Stan, yes – it could be a whole post in itself. And talking of hyperbole, when I was a kid I used to pronounce it as ‘hyper bowl’!

    You might enjoy my current post, by the way.

  25. Faldone says:

    What, no mention of “Thats (sic) illiterate”? Or was it ironic?

  26. Stan says:

    language hat: Agreed. Ambiguous ‘may’ can generate real (and unnecessary) confusion, whereas its/it’s rarely if ever does. It just annoys. Hence ‘the pet rock of pet peeves’.

    Val: I’ll see your ‘hyper bowl’ and raise you a ‘fatty goo’ (for fatigue), which entertained a whole room of schoolchildren the one and only time I mispronounced it in innocence.

    Faldone: No mention because I’m quite sure it was ironic.

  27. demurelemur says:

    In Stephen King’s It, if It had an apostrophe it would be It’s apostrophe.

  28. Stan says:

    demurelemur: True! And this hypothetical rogue-but-valid apostrophe would take my mind off the stupid spider.

  29. My own poor grammar and spelling weigh on me terribly so thank you!

  30. Stan says:

    Margaret: You’re welcome, and thanks for stopping by. I like your paintings!

  31. John Cowan says:

    I often type it’s for its, but (I hope) always catch it at once. I think it’s the more common error because it’s would be the regular formation, adding ‘s to it. The other possessive pronouns descend from time immemorial, but its dates only from the early 17th century, before which it or his was used (the King James Version consistently has his).

  32. Stan says:

    John: Yes, its is counterintuitive in a way, and it can take a conscious effort to get it right. It’s hardwired in me at this stage, though.

  33. […] that used to feature in Waterstone’s will shuffle off to reappear in possessive its — as if to spite me. They might also find a niche in the aberrant “s-form” Tesco’s (from Tesco), which Lorraine […]

  34. […] editors too. To keep who’s in its rightful place, you can use the same mnemonic I recommended for it’s and its: just as it’s always means it is or it has, so who’s means who is or who has. Bring this to […]

  35. John Cowan says:

    This just popped up in my feed again (maybe a Feedly glitch, or maybe because of an update), so I’m adding the (slightly edited) OED etymology of its,:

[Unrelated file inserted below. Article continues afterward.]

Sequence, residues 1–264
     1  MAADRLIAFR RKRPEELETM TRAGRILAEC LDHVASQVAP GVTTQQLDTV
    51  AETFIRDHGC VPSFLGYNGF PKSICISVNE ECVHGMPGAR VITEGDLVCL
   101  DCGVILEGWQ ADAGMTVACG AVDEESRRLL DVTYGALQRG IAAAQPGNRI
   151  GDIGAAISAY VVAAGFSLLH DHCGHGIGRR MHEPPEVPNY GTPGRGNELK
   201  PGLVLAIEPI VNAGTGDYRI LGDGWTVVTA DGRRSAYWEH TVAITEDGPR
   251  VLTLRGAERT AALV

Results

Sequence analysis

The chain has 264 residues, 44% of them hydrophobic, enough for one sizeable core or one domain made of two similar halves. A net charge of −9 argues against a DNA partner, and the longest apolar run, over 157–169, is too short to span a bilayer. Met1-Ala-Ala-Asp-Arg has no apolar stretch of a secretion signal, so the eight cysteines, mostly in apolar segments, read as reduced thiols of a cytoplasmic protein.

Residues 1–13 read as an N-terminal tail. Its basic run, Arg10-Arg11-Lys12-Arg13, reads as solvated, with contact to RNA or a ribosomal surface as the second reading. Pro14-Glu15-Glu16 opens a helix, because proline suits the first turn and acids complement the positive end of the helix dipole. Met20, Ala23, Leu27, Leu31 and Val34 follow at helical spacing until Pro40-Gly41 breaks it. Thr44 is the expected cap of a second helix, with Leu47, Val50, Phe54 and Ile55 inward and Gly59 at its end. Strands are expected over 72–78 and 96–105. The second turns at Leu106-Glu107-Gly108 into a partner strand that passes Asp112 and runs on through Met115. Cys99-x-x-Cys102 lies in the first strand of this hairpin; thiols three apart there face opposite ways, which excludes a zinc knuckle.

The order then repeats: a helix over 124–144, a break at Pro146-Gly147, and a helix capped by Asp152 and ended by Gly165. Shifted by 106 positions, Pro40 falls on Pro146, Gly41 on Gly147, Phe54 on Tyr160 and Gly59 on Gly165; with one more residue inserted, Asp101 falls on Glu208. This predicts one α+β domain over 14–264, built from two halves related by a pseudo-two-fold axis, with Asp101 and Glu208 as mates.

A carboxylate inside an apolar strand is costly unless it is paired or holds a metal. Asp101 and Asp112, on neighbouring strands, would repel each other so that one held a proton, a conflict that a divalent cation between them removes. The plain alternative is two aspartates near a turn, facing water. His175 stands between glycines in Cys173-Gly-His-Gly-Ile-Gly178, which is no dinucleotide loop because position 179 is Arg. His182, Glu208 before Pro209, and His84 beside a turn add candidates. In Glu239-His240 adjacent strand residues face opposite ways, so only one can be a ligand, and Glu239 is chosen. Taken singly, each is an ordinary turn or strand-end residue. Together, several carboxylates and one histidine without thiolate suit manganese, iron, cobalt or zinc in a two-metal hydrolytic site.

Formed in end of 16th century < it + ‘s of the possessive or genitive case, and at first commonly written it’s, a spelling retained by some to the beginning of the 19th century.

    The original genitive or possessive neuter was his, as in the masculine, which continued in literary use till the 17th century. But with the gradual substitution of sex for grammatical gender in the concord of the pronouns, the indiscriminate use of his for male beings and for inferior animals and things without life began to be felt inappropriate, and already in the Middle English period its neuter use was often avoided, substitutes being found in thereof, of it, the, and in N.W. dialect, the genitive use of hit, it, which became very common about 1600, and is still [as of 1900] retained in Westmorland, Lancashire, S.W. Yorkshire, Cheshire, Lincolnshire, and adjacent counties.

    Finally, it’s arose, apparently in the south of England (London, Oxford), and appears in books just before 1600. It had no doubt been colloquial for some time previous, and only gradually attained to literary recognition. Its was not admitted in the Bible of 1611 (which has thereof, besides the his, her, of old grammatical gender); the possessive it occurs once (Lev. xxv. 5), but was altered (in an edition of 1660) to its which appears in all current editions. Its does not appear in any of the works of Shakespeare published during his life-time (in which and in the First Folio the possessive it occurs 15 times), but there are 9 examples of it’s, and 1 of its, in the plays first printed in the folio of 1623. In one of these at least (Hen. VIII, i. i. 18), the word is probably Shakespeare’s own (unless he wrote his).

    By this time it’s had become common in literature, from which the possessive use of it soon disappeared; the neuter his is found as late as 1675; the use of the = its continued almost as late in literature, and is still dialectal, as is also the periphrastic the … of it (o’t), as in Scots the heid o’t = its head. As its arose after the h of hit had been dropped, the form hits is not found in literary use, but it is the emphatic form of its in Scots, his heid strak hits heid.

    • Stan says:

      John, it probably materialised in your feed because of an update: every so often I add to the gallery at the foot of the post. Thanks for the edited OED history, which is highly interesting. The former legitimate status of genitive it’s doesn’t excuse it in current usage, but it may come as some consolation to those who are unable to get it right.

  36. […] where these vary, consistency and adherence to a regional or house style. As a reader I wince at its–it’s confusion – especially in formal contexts, where, as Michael notes, it can diminish […]